Zoological excursions

Bear animalcules (Tardigrada)
Antoni van Leeuwenhoek, a microscope inventor, was the first who observed these microscopic semitransparent animals in 1702. He collected dust from the water gutter on the roof of his house and, to his great surprise, found in this dust living organisms under microscope. In 1776, an Italian scientist Lazzaro Spallanzani repeated this experiment and named these animals as tardigrades (in Greek bear animalcules) for their unhurried movements. 

Tardigrada

At present, the ability of bear animalcules to fall into anabiosis state is well known, which surprised the first researchers of these animals.  Under the effect of unfavourable external factors – drying, cooling, starvation, etc. they diminish in sizes, their extremities are retracted and the body shape is like a barrel. In this state, bear animalcules can withstand the cooling to up -190ºC for several months, -271ºC for many hours, and for a shorter period of time high temperature +150ºC, complete absence of oxygen, and effect of different chemical factors and radiation. Under favourable conditions (for example moistening), they revive quite fast.

Tardigrada

Tardigrada

Bear animalcules are tiny animals (0.2-1.2 mm) with a more or less elongated segmented body and 4 pairs of nonsegmented extremities with claws, the last pair directed backwards. They move very slowly – 2-3 mm a minute. Their position in the system of invertebrates is not clear enough – they occupy an intermediate position between nematodes and arthropods. Bear animalcules have a digestive, excretory and nervous systems, and a well-developed musculature. They are dioecious animals. However, they do not possess respiratory and vascular systems: they breathe through the skin or a cuticle. Liquid filling the whole body play the role of blood in which there are large cells containing nutrients. 
Males of bear animalcules are smaller than females. They are met very rarely. Therefore, parthenogenesis sometimes occurs, i.e. female reproduction without fertilization. About 1-30 eggs mature in the female ovary during reproduction. Some species lay eggs into the water, others – into the fell which females shed. The development of bear animalcules is direct; a young bear animalcule grows from a mature egg differing from an adult one in smaller sizes.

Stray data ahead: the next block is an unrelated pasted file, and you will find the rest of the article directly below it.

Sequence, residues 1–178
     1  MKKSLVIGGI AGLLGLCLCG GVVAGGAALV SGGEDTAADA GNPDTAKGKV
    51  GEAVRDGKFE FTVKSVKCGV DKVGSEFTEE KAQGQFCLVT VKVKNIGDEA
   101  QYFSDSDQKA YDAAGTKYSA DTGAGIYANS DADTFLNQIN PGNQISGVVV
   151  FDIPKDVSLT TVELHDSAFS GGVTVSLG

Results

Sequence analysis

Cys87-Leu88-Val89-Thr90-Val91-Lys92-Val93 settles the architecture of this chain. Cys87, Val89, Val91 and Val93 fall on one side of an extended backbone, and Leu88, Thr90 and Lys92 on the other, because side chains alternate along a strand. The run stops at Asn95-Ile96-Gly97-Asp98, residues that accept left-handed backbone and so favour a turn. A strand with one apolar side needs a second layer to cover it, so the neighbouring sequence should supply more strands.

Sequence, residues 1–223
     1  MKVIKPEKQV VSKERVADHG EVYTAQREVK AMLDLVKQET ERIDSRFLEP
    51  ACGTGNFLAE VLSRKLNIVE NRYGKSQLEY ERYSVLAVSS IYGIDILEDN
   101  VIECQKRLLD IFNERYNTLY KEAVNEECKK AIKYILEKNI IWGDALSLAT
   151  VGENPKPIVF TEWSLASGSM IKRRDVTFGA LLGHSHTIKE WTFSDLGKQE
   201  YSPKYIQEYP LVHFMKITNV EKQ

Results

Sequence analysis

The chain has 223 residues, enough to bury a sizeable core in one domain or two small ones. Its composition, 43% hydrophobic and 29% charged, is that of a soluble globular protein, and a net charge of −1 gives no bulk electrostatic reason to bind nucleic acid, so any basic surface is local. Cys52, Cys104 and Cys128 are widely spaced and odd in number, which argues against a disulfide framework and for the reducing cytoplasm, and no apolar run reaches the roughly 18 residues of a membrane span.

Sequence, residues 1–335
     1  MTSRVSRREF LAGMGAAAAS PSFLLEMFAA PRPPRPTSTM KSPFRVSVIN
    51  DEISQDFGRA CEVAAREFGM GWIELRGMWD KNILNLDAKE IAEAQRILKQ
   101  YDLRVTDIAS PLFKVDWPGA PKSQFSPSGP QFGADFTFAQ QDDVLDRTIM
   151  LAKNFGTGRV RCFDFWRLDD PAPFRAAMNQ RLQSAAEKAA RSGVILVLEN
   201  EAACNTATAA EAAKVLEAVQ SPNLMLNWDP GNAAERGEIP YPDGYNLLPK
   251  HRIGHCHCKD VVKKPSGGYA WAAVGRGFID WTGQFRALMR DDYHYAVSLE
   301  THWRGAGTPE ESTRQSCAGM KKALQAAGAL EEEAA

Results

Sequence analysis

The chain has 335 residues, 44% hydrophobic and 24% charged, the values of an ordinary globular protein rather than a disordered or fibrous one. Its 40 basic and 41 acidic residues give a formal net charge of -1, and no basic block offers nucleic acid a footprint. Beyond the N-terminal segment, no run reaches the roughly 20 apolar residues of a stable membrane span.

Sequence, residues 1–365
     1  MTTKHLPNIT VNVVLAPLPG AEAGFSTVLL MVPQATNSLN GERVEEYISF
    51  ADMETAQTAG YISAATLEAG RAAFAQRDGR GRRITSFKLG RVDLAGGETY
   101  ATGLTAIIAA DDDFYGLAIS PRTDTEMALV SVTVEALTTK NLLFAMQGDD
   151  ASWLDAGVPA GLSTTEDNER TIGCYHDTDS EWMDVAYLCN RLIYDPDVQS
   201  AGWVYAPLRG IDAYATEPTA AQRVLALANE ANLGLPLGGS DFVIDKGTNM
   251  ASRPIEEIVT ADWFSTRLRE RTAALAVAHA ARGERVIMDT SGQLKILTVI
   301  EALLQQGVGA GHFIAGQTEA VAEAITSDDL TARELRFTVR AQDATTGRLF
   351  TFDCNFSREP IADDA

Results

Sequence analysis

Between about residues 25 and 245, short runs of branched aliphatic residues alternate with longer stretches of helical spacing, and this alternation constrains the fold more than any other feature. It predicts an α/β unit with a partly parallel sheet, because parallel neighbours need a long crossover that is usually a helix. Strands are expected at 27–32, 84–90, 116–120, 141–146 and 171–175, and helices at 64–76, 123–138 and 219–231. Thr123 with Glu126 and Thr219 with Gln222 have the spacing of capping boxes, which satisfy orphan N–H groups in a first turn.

At present, there are over 750 species of bear animals. They need water for their life and growth. Few species have been found in seas, a larger number are registered in freshwater bodies. The majority of species inhabits moss and lichen pillows not only on land but also on the stems of trees and rocks – in places which are periodically watered and dried. The number of bear animalcules in the moss may be very high – hundreds or even thousands of animals in 1 g of dried moss. Their favourite place of habitation is reflected in English names: “water bears” and “moss pigs”.
Bear animalcules feed on plants on which they live, on algae, and sometimes on tiny animals, e.g. rotifers. They are spread passively – by wind, water and different animals. They are widely distributed around the whole world. They are met not only in hot and temperate countries but far in the north (e.g. on Spitsbergen) and high in the mountains (4000 m).
In Lake Baikal, bear animalcules inhabit shallow waters on the sand or among aquatic vegetation. Only 6 species of these amazing animals are known in Lake Baikal, which were identified by an Italian scientist Ramazotti. It is most likely that the fauna of Baikal bear animalcules looks for its researchers and will appear to be much richer that it is expected to be nowadays.
 
 
 
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